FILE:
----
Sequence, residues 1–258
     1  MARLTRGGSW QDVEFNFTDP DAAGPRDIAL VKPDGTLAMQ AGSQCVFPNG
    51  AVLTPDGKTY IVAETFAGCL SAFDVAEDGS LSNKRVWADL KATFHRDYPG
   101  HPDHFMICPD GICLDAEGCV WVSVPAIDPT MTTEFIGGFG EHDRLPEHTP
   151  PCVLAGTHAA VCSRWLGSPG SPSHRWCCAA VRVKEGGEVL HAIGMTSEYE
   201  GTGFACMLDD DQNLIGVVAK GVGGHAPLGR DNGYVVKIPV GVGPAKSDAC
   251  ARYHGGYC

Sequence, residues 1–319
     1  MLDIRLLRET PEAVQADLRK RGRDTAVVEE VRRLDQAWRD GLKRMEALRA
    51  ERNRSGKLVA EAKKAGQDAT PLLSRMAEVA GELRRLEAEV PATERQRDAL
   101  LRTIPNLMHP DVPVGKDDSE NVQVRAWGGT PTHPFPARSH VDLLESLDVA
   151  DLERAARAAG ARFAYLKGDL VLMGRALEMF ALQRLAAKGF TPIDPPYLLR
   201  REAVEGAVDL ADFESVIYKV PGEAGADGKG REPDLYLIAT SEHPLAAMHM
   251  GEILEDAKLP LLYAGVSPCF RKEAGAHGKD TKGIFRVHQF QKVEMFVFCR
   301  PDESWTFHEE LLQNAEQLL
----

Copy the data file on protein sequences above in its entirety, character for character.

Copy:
Sequence, residues 1–258
     1  MARLTRGGSW QDVEFNFTDP DAAGPRDIAL VKPDGTLAMQ AGSQCVFPNG
    51  AVLTPDGKTY IVAETFAGCL SAFDVAEDGS LSNKRVWADL KATFHRDYPG
   101  HPDHFMICPD GICLDAEGCV WVSVPAIDPT MTTEFIGGFG EHDRLPEHTP
   151  PCVLAGTHAA VCSRWLGSPG SPSHRWCCAA VRVKEGGEVL HAIGMTSEYE
   201  GTGFACMLDD DQNLIGVVAK GVGGHAPLGR DNGYVVKIPV GVGPAKSDAC
   251  ARYHGGYC

Sequence, residues 1–319
     1  MLDIRLLRET PEAVQADLRK RGRDTAVVEE VRRLDQAWRD GLKRMEALRA
    51  ERNRSGKLVA EAKKAGQDAT PLLSRMAEVA GELRRLEAEV PATERQRDAL
   101  LRTIPNLMHP DVPVGKDDSE NVQVRAWGGT PTHPFPARSH VDLLESLDVA
   151  DLERAARAAG ARFAYLKGDL VLMGRALEMF ALQRLAAKGF TPIDPPYLLR
   201  REAVEGAVDL ADFESVIYKV PGEAGADGKG REPDLYLIAT SEHPLAAMHM
   251  GEILEDAKLP LLYAGVSPCF RKEAGAHGKD TKGIFRVHQF QKVEMFVFCR
   301  PDESWTFHEE LLQNAEQLL